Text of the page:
In contrast, tactical profiling is used to provide security at specific potential targets (such as airports), and it is the kind of terrorism profiling that people are likely to encounter most frequently. Tactical profiling cannot proceed from as narrow a base as strategic profiling for the simple reason that terrorists are dedicated to ensuring that they can complete their tactical mission, and they will use deception to do so. The Al Qaeda training manual instructs its adherents to blend in through disguise and the avoidance of practices (such as prayer) that draw attention. Suicide bombers in Israel have disguised themselves as blond European tourists and Israeli soldiers. What, then, should we seek to accomplish with profiling in the tactical environment? Three objectives stand out:

  • Profile "out" where possible.

  • Increase the randomness of inspections.

  • Make the system defensible against claims of racial profiling.

Profile out, not in. We can conserve scarce enforcement resources if we can profile people out of, rather than into, security procedures. Although the specifics vary substantially, the basic approach would be to allow certain individuals whose credentials have been verified (those with security clearances, for example) to avoid targeted security checks (but not necessarily the random checks described below) at airports and other places where such checks are implemented. Note that such a system could be racially neutral, although it may not be if those profiled out are concentrated in certain ethnic groups.

Increase the randomness of inspections. Profiling out reduces the pool of people who need to be subjected to time-consuming and potentially objectionable security procedures. This leads to the next opportunity: If enough people are profiled out, we could randomly submit a substantial portion of the residual population to inspection. True random selection is an excellent deterrent, because it is impervious to the disguise and deception that terrorists might employ. A side bonus of random selection methods is that they are inherently racially neutral.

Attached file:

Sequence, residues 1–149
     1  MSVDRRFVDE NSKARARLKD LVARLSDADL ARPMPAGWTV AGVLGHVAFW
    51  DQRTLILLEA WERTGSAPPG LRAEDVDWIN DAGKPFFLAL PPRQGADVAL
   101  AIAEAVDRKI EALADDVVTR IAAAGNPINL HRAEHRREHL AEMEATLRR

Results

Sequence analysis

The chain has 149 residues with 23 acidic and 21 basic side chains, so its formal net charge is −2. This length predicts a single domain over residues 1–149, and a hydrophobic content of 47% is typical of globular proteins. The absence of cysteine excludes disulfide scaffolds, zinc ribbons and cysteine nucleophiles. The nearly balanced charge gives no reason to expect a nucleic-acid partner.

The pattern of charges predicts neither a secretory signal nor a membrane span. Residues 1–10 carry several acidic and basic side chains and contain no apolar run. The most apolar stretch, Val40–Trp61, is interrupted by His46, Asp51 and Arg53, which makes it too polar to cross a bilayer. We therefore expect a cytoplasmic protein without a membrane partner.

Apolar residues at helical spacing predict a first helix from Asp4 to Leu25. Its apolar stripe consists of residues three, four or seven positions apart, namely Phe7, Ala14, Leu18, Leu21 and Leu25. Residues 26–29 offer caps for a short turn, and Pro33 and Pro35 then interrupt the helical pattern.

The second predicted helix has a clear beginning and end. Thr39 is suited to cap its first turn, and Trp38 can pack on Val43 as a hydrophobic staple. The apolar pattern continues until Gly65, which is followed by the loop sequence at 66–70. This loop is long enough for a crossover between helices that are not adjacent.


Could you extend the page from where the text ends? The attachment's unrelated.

Create defensible profiling. What makes tactical profiling defensible? Three things:

  • good baseline information about the numerator (who is stopped) and denominator (the size and characteristics of the population from which those stopped were selected)

  • clear analysis of the "yield" from profiling

  • implementation of effective oversight.

Oversight must include a willingness to listen to complaints—and act on them. Law enforcement agencies are finding that community involvement in designing and reviewing the monitoring system is an important component. The system should be rigorously tested with both dummy contraband and undercover people fitting various profiles. The testing will both teach us about structural problems that the terrorist might exploit and bring to light any biases that might exist. Development of a data baseline will also ensure that we understand the racial implications of the system.

Unquestionably, the war on terrorism raises uncomfortable questions about balancing civil liberties with civil defense. Narrowly constructed profiles used in tactical protection situations—particularly those profiles based on race as a primary predictor—seem doomed to failure and risk generating ill will against counterterrorist efforts. Our collective interests are served by designing a system that is as efficient, effective, and defensible as possible. Such a system need not place an undue burden on any racial or ethnic group.

 
The author thanks RAND colleagues John Godges, Sarah Hunter, Andrew Morral, and John Woodward, and former RAND colleague Gerald Kauvar, for their thoughtful comments on early drafts. Captain Ron Davis, of the Oakland Police Department, and Heather Mac Donald, of the Manhattan Institute, also provided important insights on the issue of racial profiling. None is in any way responsible for the content.